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Environmental watchdog is all bark and no bite when it comes to e-waste from the US

Americans are shipping their electronic waste to Hong Kong, seemingly with impunity, and we are paying the price

PUBLISHED : Monday, 04 July, 2016, 1:20am
UPDATED : Monday, 04 July, 2016, 1:20am

The United States is the world’s greatest exporter of electronic waste, and Hong Kong has become one of its main recipients. This is shameful on so many levels.

The US is the only industrialised country that has refused to ratify the Basel Convention, the international treaty that bans developed economies from dumping hazardous waste on other countries.

Hong Kong and the mainland have signed on to the convention. But agencies like the Environmental Protection Department (EPD) have shown a woeful lack of oversight.

The mainland used to be the main dumping ground for e-waste, and Hong Kong’s New Territories used to serve as a transit point. But following a crackdown on the mainland, the New Territories, especially Yuen Long, has become the final destination.

Revealed: the toxic trail of e-waste that leads from the US to Hong Kong

Now, thanks to a multi-year investigation by the US environmental watchdog Basel Action Network (BAN), the reality of e-waste dumping in Hong Kong can no longer be denied.

Using advanced global tracking devices, the watchdog was able to trace the movement of cargo containing e-waste from the US to the rest of the world, which includes Mexico, Taiwan, mainland China, Pakistan, Thailand, Dominican Republic, Kenya and even Canada. But there is no bigger recipient than Hong Kong.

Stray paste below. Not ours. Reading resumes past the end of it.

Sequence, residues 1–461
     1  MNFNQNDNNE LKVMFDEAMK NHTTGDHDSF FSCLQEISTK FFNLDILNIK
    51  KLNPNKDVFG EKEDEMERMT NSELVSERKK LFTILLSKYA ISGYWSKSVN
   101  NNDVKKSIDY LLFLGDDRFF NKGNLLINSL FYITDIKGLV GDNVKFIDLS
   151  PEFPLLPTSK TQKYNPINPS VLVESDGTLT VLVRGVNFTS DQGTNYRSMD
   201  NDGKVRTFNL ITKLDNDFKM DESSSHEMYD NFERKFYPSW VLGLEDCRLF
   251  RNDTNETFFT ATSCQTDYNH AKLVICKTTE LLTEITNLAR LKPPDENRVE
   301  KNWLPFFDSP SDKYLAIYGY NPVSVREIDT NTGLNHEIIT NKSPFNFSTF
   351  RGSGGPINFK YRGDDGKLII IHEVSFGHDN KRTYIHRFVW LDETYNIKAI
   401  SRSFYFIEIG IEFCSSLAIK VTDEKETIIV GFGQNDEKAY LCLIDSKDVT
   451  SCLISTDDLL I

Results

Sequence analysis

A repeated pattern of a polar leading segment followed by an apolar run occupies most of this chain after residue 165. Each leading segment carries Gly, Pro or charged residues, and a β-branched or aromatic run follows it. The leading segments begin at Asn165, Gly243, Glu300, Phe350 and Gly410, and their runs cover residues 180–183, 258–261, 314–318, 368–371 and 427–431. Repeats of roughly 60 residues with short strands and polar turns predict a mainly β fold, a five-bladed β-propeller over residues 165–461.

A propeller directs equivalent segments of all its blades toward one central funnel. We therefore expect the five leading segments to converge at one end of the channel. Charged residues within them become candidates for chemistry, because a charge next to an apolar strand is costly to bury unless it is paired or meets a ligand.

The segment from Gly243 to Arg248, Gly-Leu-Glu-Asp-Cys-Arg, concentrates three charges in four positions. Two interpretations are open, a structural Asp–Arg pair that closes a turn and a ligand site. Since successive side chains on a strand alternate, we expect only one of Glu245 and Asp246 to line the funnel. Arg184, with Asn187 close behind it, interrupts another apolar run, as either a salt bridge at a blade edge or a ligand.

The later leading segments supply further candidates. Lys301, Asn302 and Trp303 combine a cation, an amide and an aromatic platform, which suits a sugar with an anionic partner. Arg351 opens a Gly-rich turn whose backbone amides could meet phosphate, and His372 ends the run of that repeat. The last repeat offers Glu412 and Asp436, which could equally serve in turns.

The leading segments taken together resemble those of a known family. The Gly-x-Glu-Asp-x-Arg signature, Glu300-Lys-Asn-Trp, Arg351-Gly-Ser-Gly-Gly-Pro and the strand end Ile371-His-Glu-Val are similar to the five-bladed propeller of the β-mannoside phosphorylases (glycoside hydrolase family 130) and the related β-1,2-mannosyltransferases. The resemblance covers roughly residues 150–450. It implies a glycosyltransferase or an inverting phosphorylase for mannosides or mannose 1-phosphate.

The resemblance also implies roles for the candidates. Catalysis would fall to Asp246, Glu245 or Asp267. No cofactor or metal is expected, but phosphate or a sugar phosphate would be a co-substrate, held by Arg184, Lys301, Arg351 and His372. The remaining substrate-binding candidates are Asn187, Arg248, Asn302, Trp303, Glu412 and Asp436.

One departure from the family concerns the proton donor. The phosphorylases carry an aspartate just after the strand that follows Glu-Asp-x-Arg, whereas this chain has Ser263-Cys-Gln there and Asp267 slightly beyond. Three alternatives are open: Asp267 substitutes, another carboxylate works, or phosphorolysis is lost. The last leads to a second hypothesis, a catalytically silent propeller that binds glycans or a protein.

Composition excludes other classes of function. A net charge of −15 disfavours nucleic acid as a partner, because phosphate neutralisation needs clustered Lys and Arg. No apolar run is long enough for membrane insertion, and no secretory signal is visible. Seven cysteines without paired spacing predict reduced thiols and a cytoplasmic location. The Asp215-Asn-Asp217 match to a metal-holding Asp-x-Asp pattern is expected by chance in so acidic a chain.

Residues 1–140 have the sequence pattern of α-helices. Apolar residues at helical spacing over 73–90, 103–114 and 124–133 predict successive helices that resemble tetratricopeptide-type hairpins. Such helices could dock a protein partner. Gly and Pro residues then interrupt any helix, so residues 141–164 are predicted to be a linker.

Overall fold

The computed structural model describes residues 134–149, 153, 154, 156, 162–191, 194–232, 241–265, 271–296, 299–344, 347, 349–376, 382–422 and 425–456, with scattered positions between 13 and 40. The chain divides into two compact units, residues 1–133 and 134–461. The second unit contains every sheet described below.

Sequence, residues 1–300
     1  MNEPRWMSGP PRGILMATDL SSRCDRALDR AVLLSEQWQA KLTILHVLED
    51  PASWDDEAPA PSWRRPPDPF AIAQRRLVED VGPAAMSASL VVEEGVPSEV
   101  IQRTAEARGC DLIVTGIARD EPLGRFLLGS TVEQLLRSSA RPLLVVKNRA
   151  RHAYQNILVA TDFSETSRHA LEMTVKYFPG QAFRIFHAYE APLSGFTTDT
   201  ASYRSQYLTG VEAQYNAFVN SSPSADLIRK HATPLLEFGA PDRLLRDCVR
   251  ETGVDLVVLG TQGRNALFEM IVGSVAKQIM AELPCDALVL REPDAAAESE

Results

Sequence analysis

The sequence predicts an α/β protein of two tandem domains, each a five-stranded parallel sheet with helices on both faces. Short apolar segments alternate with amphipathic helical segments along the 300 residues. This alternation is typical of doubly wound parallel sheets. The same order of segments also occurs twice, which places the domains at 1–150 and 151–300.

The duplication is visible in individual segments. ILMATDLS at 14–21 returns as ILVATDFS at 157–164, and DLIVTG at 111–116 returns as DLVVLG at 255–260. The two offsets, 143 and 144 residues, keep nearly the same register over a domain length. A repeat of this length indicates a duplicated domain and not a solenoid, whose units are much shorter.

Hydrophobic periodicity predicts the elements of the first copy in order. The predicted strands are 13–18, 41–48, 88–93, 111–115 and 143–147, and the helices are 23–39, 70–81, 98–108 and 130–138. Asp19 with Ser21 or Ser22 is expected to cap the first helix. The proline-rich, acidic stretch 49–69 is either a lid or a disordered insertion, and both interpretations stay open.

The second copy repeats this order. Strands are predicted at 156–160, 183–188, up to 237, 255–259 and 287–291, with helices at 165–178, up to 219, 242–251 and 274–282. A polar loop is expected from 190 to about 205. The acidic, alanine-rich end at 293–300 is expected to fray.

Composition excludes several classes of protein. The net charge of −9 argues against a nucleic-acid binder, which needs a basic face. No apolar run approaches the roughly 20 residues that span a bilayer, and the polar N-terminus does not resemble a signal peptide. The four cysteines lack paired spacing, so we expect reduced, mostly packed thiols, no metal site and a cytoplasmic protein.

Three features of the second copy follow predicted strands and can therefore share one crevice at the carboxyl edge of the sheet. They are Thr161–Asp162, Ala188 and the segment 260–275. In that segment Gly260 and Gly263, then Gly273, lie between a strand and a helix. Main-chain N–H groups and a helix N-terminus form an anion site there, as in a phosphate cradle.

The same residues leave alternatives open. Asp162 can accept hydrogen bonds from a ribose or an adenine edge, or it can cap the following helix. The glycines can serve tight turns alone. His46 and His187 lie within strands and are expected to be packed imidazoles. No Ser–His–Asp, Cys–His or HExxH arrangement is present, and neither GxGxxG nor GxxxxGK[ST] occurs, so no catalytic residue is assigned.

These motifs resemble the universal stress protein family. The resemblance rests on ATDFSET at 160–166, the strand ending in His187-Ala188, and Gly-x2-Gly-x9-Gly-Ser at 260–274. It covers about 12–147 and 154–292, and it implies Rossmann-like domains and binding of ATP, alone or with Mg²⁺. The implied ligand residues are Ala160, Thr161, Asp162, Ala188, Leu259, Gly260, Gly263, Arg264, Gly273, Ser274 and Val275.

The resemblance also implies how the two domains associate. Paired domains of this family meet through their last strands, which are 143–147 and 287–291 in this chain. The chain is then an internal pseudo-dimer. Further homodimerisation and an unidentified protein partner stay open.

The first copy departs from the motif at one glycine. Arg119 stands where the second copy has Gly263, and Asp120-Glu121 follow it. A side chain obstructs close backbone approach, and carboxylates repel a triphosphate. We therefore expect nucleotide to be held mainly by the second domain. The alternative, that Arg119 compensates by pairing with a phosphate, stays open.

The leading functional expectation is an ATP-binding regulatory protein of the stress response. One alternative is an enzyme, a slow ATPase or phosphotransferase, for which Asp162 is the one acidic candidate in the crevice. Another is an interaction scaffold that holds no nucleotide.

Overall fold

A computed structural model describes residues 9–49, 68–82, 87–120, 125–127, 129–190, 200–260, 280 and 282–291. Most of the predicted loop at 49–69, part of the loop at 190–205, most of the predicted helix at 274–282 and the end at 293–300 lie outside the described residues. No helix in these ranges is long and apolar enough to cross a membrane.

A list of 10 of the worst dump sites in the New Territories was handed to the EPD months ago, but most continue to operate today. The EPD hardly needed to be given the list. At the dump sites, discarded computers, printers and LCD TVs form huge piles taking up grounds the size of soccer fields. E-waste is highly hazardous, as it may release lead, mercury, dioxins and carcinogenic toner ink. Officials can hardly claim not to notice when there have been several fires at those junkyards in the past year. Two in March were widely reported as they emitted massive plumes of toxic black smoke into the neighbourhoods.

Turn back the e-waste tide: pressure to stop flood of toxic imports from US to Hong Kong

The EPD proudly noted 21 instances in the last three years in which cargo containing e-waste was turned back to the US. But BAN estimates between 50 and 100 containers dump e-waste here each day and 90 per cent of the material comes from the US.

The EPD claims to be cooperating with the US. Seriously? We need to shame the Americans, shut down those junkyards and aggressively inspect and turn back e-waste cargo. But with the EPD, don’t bet on it.